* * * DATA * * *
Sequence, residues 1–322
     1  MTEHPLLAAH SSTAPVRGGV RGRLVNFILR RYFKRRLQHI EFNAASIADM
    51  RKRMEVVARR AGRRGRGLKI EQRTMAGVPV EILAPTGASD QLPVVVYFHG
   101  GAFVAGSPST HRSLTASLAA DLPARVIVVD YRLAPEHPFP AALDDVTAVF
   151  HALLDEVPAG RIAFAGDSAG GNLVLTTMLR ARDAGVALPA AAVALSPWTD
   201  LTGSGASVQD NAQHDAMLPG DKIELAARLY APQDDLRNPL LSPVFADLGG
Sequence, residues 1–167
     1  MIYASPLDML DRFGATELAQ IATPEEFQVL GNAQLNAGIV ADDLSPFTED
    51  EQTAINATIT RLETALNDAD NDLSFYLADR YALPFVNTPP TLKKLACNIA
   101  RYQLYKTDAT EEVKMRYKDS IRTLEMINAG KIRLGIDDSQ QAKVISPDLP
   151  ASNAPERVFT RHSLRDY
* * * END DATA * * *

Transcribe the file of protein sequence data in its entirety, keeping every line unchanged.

Sequence, residues 1–322
     1  MTEHPLLAAH SSTAPVRGGV RGRLVNFILR RYFKRRLQHI EFNAASIADM
    51  RKRMEVVARR AGRRGRGLKI EQRTMAGVPV EILAPTGASD QLPVVVYFHG
   101  GAFVAGSPST HRSLTASLAA DLPARVIVVD YRLAPEHPFP AALDDVTAVF
   151  HALLDEVPAG RIAFAGDSAG GNLVLTTMLR ARDAGVALPA AAVALSPWTD
   201  LTGSGASVQD NAQHDAMLPG DKIELAARLY APQDDLRNPL LSPVFADLGG
Sequence, residues 1–167
     1  MIYASPLDML DRFGATELAQ IATPEEFQVL GNAQLNAGIV ADDLSPFTED
    51  EQTAINATIT RLETALNDAD NDLSFYLADR YALPFVNTPP TLKKLACNIA
   101  RYQLYKTDAT EEVKMRYKDS IRTLEMINAG KIRLGIDDSQ QAKVISPDLP
   151  ASNAPERVFT RHSLRDY